Azubuike remains positive about his future heading into his second camp
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Rockets.com Staff Writer
HOUSTON -- Kelenna Azubuike hasn't attended more than a handful of NBA press gatherings, but he already knows what question he will be asked when he shows up for the Rockets' media day on Tuesday.
He'll be asked in a variety of different ways to talk about his father and he understands there isn't any way around it because his father is serving time in a correctional facility.
"I always get asked about it, but it doesn't bother me," Azubuike said. "I love my Dad and that won't change. What happened, happened. I'm just hoping he'll get to see me play in the NBA."
Over a year removed from his difficult decision to leave school early and enter the NBA Draft, Azubuike is still hoping to add that twist -- an NBA roster spot -- to a story that has followed him on his path to the NBA.
The 6-foot-5 guard will begin his second NBA training camp Tuesday when the Rockets tip off preseason workouts inside Toyota Center. After spending the past season in the NBA Developmental League, the young guard is among a handful of hopefuls battling for a roster spot and a chance to work his way into Houston's backcourt rotation.
No one, however, has a story quite like his heading into camp.
Azubuike left Kentucky prior to his senior season, in part, to help his family with finances after his Nigerian-born father, Kenneth, was sent to prison on fraud charges. Kenneth is beginning the second year of a four-year sentence.
Some hoops experts have speculated that Azubuike might have guided Kentucky to the Final Four if he remained in school for his senior season instead of turning pro. Some have argued that he would have been given a guaranteed NBA contract with another year of college experience. Some have even suggested that he would have become a first-round pick.
None of those arguments, however, have ever made Azubuike second guess his decision to leave early.
He believes things worked out one way or another for a reason and he's not looking back on the circumstances that led him to turn pro.
"What would have happened if I would have stayed?" Azubuike said. "Who knows? I try not to think about because nothing is gained by looking back. I've got to look forward and focus on my future."
During his college career, Azubuike led Kentucky in scoring as a junior and was named an All-SEC second-team performer.
He was expected to be one of the top returning players in the nation when news about his father's legal troubles surfaced.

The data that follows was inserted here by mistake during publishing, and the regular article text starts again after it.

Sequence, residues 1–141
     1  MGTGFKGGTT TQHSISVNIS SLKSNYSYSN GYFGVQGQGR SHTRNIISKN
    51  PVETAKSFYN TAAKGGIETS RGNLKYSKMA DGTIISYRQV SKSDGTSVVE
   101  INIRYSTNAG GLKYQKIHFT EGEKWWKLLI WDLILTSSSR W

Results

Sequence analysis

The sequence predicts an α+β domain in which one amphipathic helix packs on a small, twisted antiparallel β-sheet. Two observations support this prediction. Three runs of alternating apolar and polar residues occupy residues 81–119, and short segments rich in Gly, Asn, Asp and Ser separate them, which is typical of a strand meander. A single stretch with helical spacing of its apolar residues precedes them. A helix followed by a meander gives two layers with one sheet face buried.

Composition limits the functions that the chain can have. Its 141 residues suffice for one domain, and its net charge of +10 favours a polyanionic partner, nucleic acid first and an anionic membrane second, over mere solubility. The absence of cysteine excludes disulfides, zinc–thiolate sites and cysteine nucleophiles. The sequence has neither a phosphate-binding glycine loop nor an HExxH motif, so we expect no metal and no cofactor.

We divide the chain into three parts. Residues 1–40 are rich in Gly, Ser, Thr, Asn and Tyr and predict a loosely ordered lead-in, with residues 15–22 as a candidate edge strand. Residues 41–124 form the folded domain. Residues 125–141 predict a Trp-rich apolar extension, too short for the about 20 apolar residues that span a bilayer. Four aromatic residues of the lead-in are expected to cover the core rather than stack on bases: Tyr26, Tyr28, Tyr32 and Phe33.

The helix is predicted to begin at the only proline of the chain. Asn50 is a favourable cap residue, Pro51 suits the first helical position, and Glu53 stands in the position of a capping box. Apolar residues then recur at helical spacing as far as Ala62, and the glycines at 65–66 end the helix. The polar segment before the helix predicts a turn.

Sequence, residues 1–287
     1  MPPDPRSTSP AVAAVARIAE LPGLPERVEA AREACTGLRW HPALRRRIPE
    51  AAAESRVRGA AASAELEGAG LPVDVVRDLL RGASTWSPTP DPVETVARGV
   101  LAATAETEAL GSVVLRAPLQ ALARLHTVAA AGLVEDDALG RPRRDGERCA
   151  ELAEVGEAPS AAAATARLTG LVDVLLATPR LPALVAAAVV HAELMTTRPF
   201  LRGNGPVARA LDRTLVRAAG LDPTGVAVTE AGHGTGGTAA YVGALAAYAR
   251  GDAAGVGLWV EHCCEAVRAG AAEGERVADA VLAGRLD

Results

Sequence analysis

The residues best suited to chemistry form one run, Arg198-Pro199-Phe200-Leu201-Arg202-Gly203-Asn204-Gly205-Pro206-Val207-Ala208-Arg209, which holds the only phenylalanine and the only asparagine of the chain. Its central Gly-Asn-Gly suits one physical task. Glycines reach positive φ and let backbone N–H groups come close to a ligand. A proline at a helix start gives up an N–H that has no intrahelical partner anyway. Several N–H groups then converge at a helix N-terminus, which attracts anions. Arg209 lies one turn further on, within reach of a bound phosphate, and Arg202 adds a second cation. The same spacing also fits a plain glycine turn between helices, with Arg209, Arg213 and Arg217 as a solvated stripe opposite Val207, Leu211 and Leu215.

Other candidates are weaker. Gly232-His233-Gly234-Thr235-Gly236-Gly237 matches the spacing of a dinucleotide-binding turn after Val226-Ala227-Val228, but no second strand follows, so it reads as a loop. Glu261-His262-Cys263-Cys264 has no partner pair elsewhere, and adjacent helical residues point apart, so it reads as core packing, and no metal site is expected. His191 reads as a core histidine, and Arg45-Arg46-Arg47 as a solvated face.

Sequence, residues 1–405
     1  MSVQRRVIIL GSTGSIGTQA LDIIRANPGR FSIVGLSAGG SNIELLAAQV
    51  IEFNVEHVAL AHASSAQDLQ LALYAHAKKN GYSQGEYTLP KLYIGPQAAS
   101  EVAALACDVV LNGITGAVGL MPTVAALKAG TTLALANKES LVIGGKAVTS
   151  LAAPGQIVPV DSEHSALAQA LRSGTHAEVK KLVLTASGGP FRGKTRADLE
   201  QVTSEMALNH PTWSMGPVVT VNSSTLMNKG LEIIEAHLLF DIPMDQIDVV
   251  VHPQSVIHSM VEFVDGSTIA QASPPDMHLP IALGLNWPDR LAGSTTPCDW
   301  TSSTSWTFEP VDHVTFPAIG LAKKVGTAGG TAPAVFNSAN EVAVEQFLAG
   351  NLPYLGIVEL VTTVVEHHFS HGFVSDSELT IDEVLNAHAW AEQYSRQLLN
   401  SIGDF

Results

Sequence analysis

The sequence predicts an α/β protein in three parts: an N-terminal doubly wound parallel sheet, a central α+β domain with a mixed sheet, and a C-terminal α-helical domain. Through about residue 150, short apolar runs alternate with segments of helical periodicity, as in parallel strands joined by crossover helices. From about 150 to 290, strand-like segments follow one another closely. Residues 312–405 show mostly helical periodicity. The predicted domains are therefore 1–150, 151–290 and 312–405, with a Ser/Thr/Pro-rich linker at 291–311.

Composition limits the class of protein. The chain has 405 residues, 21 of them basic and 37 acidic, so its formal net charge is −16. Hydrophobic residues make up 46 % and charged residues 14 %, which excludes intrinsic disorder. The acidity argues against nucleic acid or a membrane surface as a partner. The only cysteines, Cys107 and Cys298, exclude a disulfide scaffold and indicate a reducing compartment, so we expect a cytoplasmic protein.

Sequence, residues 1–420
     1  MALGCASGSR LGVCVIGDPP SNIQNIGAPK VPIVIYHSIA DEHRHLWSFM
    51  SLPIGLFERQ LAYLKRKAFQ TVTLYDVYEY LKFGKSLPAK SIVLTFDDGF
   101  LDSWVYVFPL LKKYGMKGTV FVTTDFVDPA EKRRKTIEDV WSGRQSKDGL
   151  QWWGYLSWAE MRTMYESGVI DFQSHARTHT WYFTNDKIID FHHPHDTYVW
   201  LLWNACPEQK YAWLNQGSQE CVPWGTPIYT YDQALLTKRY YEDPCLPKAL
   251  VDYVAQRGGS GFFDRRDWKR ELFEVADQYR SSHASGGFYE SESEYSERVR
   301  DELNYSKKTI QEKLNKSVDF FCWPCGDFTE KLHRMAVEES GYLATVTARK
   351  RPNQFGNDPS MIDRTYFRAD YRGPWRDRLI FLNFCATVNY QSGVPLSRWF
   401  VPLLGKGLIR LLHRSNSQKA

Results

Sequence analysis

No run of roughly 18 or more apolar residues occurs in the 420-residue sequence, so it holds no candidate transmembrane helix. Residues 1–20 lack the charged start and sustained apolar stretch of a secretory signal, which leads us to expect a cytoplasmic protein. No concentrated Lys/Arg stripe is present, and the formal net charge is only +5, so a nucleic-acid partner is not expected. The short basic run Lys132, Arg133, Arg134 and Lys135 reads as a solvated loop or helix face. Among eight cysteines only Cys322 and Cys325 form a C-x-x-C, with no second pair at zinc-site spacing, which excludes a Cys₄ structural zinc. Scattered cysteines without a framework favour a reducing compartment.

Azubuike ended up declaring for the draft, but went unselected after suffering an injury before the 2005 NBA Draft. He went to training camp with the Cleveland Cavaliers, where he averaged seven points and three rebounds in five preseason games before being released.
The guard spent the 2005-06 season with the Fort Worth Flyers of the NBA Developmental League, averaging 12.6 points on 50.8 percent shooting.
Azubuike admits it's been a difficult journey going from the college game to pro level.
"The process has been hard," he said. "I didn't get drafted and I've had to work hard for my opportunities. Basketball, of course, is fun. But it's been a tough process to get to where I want to be."
Azubuike raised his stock some after a solid summer with the Denver Nuggets in the Toshiba Vegas Summer League as he made 57.9 percent of his shots to average 16.4 points per game. He had 25 points and six rebounds against Golden State on July 11.
Since turning pro, Azubuike has improved his dribbling and ability to get to the rim. However, he's still working on his overall game.
"I feel like I'm better off the dribble," Azubuike said. "But I know I still need to improve everything in my game. I need to develop a more consistent jumper and I need to consistently knock down three pointers."
Despite his uncertain future in the NBA, Azubuike is optimistic about remaining with the Rockets this season. He said he's trying to be a quick learner and hard worker.
He's hopeful that he'll have some good news for his father after training camp.
"I'm hoping that I can impress the team enough so that they'll keep me for the rest of the season," Azubuike said. "My goal is to make it and be able to play in front of my father. We still keep in close contact. With everything our family has been through, it would be a good story."